Arthur Latcham (1895-1979) left a lasting mark on Whitchurch-Stouffville. The Stouffville Sun-Tribune summed up his legacy with the following: “Arthur Latcham bought land and built golf courses. He also did a lot to build communities, especially Stouffville. From many amenities in Memorial Park to the land for Markham-Stouffville Hospital, his giving shaped the Town (29 Nov 2007).”
Latcham was born in the hamlet of Glasgow in Uxbridge Township, just east of Stouffville. He had grey eyes, a build of 5’ 9.5”, and had light brown hair. He left Glasgow while young to homestead farm land in Saskatchewan. At the age of 20, on June 1, 1915, Latcham joined the Canadian Over-Seas Expeditionary Force to join the fight during World War I. His next of kin, as listed on the original attestation papers, was his father John Latcham, living at a Stouffville address.
While in training for the mounted patrol he fell from his horse, dislocating his right shoulder. It was an injury that would haunt his military career, at the least. Latcham is listed as having the accident in Carberry, Manitoba, which must have been in relation to Camp Hughes, a First World War military training camp. The camp is one of the most intact simulated battlefield terrains in Canada and is now a National Historic Site.
After spending a month in a Winnipeg hospital and serving light duty for the winter, Latcham was shipped overseas to England, arriving May 7, 1916, and then moved to the front in France by August. A little more than two years later, Latcham sustained an injury to his left hand. At this point, it appears that the previous shoulder injury had become too much to bare – he was sent back to Canada as an “invalid”.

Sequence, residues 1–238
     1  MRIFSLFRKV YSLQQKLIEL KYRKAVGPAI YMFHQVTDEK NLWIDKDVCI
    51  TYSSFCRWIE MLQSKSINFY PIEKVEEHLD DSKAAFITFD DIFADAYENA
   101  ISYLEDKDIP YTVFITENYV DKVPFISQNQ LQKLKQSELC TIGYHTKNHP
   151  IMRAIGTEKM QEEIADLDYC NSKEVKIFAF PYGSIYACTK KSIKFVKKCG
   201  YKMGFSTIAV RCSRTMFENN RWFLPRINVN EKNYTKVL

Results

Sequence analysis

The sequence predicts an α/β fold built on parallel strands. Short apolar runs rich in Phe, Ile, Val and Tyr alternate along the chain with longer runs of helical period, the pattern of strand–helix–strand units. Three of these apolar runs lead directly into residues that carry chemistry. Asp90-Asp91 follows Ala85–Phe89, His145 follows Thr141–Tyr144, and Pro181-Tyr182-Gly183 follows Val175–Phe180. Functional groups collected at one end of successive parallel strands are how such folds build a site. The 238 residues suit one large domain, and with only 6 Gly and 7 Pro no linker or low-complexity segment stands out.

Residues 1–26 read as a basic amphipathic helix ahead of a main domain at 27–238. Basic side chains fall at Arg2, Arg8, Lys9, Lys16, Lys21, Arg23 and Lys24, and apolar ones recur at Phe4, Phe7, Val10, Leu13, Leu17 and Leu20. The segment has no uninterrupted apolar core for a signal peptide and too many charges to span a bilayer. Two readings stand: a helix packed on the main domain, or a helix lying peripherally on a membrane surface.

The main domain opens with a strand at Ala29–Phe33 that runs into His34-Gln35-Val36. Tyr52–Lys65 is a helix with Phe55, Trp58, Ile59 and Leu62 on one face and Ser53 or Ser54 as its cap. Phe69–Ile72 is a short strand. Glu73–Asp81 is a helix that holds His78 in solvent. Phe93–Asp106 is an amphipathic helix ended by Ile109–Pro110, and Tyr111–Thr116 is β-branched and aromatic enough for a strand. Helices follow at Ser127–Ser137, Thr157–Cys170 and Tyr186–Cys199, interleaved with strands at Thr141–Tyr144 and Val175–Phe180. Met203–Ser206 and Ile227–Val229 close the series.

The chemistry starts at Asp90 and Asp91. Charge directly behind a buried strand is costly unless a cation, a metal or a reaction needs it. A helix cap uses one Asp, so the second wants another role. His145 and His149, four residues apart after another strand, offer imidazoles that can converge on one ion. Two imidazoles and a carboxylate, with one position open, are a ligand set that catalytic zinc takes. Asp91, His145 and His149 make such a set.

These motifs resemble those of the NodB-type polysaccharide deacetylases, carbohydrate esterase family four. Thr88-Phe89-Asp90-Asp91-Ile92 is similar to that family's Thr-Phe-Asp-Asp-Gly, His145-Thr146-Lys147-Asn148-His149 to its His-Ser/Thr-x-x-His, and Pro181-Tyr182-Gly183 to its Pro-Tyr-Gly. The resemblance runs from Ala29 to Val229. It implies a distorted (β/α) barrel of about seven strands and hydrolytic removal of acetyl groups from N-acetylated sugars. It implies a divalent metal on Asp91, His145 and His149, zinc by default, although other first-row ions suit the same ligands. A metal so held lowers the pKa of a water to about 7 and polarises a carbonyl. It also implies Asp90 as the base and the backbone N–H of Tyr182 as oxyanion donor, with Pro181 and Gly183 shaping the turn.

Latcham was discharged from military service in January 1919. He took up residence in Toronto and became a successful real estate investor and builder. After being injured on a job site, Latcham transitioned to building golf courses instead of houses, including Meadowbrook Golf Club and Rolling Hills Golf Club.
With amassing wealth came a philanthropic side – Latcham was a community builder. His mark on the community included the building of Latcham Hall, Lemonville Community Centre, and the public pool, amongst many other things, in addition to support for community clubs and junior sports teams.
Latcham’s wife, Elaine Raso – 29 years his junior – died in a tragic car accident on Aurora Road a few years before he himself passed in 1979. He is buried in Glasgow North Cemetery, with his wife, siblings, parents and grandparents, dating as far back as the 19th Century.
Latcham wrote the following letter to friends, Mr. and Mrs. D. Morris, after his first few months in France (21 September 1916, Stouffville Tribune)
I thought I would write you a few lines now that I have a little time. I left England quite a while ago, and have been on active service ever since. It’s some place over here. I don’t like this as well as France. We have moved to another base and I like it much better. It’s not as far as you are from Stouffville to go to the trenches so we don’t have far to go up at night, but they seem to know when we are coming for there are always lots of bullets whizzing around. One just missed my head the night before last but a miss is as good as a mile. Ah! We wear steel helmets and I don’t leave much room in the top of it when they start buzzing. We have to carry gas masks all the time. Yesterday it was a steady roar of guns all day but none of the shells came here. It’s fun to see the Germans firing at our aeroplanes. I think they fired 1000 shells at ours yesterday but they didn’t get any of them. Our aeroplanes are flying over the German trenches nearly all the time but I never see any of theirs. We can easily see their shell bursts from here and see how close they come. I saw nine aeroplanes and two balloons at once, yesterday but none of them came down and offered me a ride. We get lots of rain here but are used to that now. They grow some great crops over here, about the best I have ever seen. I suppose you will be at your harvest now. It is nearly all over in this country.
I would write you a lot more but our letters are censored and we have to be careful what we say. We are where some of the biggest battles have been fought, in fact I sleep only a few yards from an old German trench now. Some of the places are riddled to pieces. We are only a few miles from __[redacted]. I guess you have heard about that.